Over time in the Discworld novels, the inhabitants of the Disc came up with a long-distance communications method called “the clacks” – a cross between the telegraph and semaphore. Initially they’re only used in Anhk-Morpork, and mostly by the Watch, but soon there are towers all across the land conveying messages between cities and countries.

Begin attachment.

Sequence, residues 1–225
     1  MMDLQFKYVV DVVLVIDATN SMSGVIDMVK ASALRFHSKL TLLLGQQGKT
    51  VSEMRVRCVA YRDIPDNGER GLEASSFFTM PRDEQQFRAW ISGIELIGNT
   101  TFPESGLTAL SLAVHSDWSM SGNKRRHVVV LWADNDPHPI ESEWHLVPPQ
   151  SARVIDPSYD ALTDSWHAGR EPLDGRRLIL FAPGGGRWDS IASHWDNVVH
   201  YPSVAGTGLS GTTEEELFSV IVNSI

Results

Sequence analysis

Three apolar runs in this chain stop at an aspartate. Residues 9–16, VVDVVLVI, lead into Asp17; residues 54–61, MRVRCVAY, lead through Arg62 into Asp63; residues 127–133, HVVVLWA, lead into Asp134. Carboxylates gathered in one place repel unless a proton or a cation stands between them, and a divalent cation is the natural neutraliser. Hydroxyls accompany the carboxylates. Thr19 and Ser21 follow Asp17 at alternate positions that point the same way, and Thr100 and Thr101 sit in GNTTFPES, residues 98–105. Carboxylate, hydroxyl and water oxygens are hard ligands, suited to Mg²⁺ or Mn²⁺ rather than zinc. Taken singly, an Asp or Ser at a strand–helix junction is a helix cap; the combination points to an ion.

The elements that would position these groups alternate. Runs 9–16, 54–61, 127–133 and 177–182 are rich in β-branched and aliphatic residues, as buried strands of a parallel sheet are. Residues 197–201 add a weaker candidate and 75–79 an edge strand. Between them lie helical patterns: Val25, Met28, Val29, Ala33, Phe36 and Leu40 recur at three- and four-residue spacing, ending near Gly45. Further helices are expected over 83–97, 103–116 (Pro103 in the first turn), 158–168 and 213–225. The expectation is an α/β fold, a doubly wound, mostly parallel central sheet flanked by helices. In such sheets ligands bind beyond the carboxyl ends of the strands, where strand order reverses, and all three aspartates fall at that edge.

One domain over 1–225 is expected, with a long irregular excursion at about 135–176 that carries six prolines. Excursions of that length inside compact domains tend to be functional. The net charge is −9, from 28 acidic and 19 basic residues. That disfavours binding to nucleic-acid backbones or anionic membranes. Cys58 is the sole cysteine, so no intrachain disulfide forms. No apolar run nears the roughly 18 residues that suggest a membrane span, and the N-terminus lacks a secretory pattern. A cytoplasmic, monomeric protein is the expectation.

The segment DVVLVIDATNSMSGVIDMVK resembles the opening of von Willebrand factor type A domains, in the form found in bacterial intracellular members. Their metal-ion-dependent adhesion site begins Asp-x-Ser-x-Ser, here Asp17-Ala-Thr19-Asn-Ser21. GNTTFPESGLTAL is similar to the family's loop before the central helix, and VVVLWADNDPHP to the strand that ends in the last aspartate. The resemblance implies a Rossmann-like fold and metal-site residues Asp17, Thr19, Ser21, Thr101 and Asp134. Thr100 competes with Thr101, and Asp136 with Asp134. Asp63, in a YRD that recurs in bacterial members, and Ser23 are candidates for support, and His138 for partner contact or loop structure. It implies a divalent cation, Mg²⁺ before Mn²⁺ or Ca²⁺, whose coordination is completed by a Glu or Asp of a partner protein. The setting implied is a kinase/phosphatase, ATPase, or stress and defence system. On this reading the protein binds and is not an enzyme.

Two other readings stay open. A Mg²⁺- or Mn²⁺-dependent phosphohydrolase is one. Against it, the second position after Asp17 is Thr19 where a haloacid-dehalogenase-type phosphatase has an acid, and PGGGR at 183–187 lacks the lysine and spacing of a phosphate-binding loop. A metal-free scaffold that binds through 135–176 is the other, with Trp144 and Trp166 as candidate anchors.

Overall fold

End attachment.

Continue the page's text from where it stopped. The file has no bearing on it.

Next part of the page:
In Going Postal we learn that the clacks have something called “overhead”, meta-data, of sorts, for the messages being sent, not unlike the header data contained in emails or web pages which doesn’t appear on the screen, but which contains important instructions on how the page should be displayed. When one character questions the presence of a name in the overhead, another tells her it is the name of an operator who was killed. A code is transmitted with his name, ensuring that it will always be sent on to the next tower, for “A man’s not dead while his name is still spoken”.